A happy mind may mean a healthy heart, according to recent research published in the European Heart Journal. Researchers found that over the course of 10 years, adults who were more positive were less likely to develop coronary heart disease than their more negative peers.
The Details: At the study's outset, 1,739 adults were assessed for coronary heart disease risk factors such as high blood pressure or high cholesterol levels. Psychologists also videotaped the study subjects while asking them detailed questions about how they reacted to stressful situations, such as being stuck in traffic or dealing with stress at home or at work. Researchers measured both verbal and nonverbal responses on a positivity/negativity scale.
After 10 years, the scientists found that people who had expressed more positive emotions during that initial interview were less likely to develop coronary heart disease than their more negative counterparts. Previous studies have also found the reverse to be true, says lead study author Karina Davidson, PhD, clinical psychologist and associate professor of medicine and psychology at Columbia University. In research done with this same group of adults, a higher number of self-reported depressive symptoms was associated with an increase in risk of early cardiac death.
What It Means: As this study clearly demonstrates, the mind-body connection can be very powerful. In attempting to explain what's behind the results, Davidson says, 'It may be that people who tend to be happier also tend to sleep better, smoke less, and eat better foods,' all of which have been associated with improved cardiac health. 'Also, we know from other experiments that if you induce happiness in people, stress hormone levels decrease,' says Davidson. 'It's called the relaxation response. The way this works is, when you're feeling satisfied and relaxed, your entire physiological system goes into a state of repose. It's possible that spending more time in this restful state can protect the heart.'
Davidson says people shouldn't interpret these results in an overly Pollyanna-ish way, as hers was an observational study. 'We did not specifically test whether changes in positive emotion decreased a person's risk of coronary heart disease,' she says. But being a more positive person does provide proven benefits, such as keeping your immune system healthy, warding off depression, and extending your life. 'We really are seeing a direct physiological impact of positive and negative emotions,' says Davidson.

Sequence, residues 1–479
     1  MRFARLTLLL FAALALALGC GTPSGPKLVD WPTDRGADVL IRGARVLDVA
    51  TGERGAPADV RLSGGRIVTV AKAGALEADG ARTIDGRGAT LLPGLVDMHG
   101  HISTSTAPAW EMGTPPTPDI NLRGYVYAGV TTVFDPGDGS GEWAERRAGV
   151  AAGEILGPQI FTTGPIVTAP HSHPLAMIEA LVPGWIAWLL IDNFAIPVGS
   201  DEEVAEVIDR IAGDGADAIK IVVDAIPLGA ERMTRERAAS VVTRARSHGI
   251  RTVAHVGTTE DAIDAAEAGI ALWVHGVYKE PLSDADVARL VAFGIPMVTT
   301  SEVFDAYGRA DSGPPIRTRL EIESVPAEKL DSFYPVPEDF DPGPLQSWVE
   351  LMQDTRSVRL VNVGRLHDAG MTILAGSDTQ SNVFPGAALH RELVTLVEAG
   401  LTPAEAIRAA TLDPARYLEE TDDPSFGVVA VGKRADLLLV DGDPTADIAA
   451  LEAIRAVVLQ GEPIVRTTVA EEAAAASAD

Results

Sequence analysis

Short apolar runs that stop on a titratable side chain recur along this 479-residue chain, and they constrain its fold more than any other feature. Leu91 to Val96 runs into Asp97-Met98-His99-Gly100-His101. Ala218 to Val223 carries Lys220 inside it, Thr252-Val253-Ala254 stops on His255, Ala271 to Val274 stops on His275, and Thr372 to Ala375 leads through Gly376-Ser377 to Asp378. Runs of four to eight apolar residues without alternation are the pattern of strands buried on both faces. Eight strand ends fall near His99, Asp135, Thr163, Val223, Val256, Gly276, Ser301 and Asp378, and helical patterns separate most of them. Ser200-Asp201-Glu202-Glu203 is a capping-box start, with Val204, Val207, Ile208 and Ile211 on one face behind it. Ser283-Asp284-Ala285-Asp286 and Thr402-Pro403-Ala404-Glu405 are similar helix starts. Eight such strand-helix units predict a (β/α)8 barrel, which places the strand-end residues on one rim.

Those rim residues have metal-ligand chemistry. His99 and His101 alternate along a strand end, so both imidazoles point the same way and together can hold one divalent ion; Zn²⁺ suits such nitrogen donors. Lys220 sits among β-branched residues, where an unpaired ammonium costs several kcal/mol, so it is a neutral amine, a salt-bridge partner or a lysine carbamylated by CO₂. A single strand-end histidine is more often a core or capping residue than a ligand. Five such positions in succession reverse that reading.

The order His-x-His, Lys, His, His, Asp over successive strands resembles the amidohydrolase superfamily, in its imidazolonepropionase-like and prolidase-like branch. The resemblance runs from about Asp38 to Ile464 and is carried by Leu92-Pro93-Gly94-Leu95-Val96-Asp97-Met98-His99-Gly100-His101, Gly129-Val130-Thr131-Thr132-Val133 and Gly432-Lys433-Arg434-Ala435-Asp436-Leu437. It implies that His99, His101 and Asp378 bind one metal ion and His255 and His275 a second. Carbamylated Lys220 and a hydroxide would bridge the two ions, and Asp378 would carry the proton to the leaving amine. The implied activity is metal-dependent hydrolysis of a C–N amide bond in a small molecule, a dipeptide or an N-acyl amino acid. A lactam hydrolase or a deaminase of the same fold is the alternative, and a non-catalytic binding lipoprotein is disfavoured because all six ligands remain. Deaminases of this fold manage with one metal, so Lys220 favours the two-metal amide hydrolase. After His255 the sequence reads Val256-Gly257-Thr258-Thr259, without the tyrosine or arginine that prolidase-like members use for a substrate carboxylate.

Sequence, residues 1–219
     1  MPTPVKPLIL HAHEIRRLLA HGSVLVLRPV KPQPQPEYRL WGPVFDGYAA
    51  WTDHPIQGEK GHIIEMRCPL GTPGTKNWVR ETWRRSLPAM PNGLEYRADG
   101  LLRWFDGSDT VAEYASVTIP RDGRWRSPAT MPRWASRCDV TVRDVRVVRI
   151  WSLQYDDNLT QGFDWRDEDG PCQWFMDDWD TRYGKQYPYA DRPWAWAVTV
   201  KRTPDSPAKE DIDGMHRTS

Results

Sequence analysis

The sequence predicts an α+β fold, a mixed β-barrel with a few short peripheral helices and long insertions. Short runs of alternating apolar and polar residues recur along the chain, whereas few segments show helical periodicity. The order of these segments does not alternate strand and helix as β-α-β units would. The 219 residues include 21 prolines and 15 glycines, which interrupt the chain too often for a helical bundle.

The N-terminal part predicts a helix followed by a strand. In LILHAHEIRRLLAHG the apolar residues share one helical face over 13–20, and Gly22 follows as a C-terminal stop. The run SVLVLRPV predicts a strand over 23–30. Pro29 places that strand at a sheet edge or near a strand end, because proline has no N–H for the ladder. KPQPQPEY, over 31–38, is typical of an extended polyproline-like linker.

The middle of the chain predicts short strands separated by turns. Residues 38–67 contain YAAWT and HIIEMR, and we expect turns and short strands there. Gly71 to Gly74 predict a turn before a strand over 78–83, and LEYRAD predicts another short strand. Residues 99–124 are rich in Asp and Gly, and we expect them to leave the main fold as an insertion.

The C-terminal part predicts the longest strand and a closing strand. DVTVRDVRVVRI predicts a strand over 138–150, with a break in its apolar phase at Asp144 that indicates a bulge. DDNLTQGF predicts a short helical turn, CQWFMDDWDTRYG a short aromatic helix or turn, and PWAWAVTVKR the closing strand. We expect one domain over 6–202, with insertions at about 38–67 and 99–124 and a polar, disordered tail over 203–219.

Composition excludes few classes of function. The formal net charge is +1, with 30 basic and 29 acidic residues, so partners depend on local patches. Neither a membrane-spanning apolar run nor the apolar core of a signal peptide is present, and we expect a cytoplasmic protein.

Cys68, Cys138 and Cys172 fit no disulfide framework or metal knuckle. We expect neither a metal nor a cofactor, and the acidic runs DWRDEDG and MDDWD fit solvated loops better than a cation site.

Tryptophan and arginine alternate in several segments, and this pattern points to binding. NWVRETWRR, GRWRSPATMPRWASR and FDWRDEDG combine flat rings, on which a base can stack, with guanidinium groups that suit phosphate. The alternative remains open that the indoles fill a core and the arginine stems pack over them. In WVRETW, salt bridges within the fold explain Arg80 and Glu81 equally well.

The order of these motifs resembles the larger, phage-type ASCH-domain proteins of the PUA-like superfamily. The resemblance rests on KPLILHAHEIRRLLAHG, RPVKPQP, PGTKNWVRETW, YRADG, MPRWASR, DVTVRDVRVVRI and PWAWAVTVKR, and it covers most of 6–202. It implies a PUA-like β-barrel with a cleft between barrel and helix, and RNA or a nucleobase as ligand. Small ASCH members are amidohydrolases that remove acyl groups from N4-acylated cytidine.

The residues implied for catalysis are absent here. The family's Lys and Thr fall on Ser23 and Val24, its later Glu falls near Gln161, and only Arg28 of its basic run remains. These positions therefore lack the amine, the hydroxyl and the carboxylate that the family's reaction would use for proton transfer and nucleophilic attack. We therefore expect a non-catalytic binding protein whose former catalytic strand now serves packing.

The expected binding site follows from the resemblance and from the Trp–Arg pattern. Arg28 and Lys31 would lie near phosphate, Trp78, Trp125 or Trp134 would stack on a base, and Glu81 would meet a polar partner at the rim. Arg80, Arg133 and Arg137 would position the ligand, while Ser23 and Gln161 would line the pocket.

The following real-life strategies can help you stay more positive, and may protect your heart in the process:
1. Be thankful. You may not have all the money you want or the perfect job, but taking time to jot down three things in your life for which you are grateful can lift your spirits, advises Jeffrey Rossman, PhD, Rodale.com advisor and director of life management at Canyon Ranch in Lenox, Massachusetts.
2. Volunteer. A recent study found that people who worked after retirement, either in a paid position or by volunteering, were happier and healthier than people who kept away from the workforce entirely. Find volunteer opportunities in your community at serve.gov.
3. Focus on the here and now. Sometimes we get preoccupied with the challenges we must face tomorrow, the next day, or next week. But small micromoments of happiness can happen in the here and now if we let them, like when you revel in your favorite song on the radio or enjoy a really good cup of coffee. Appreciating the good things you experience, no matter how small, can add up to a greater sense of well-being and a more positive outlook."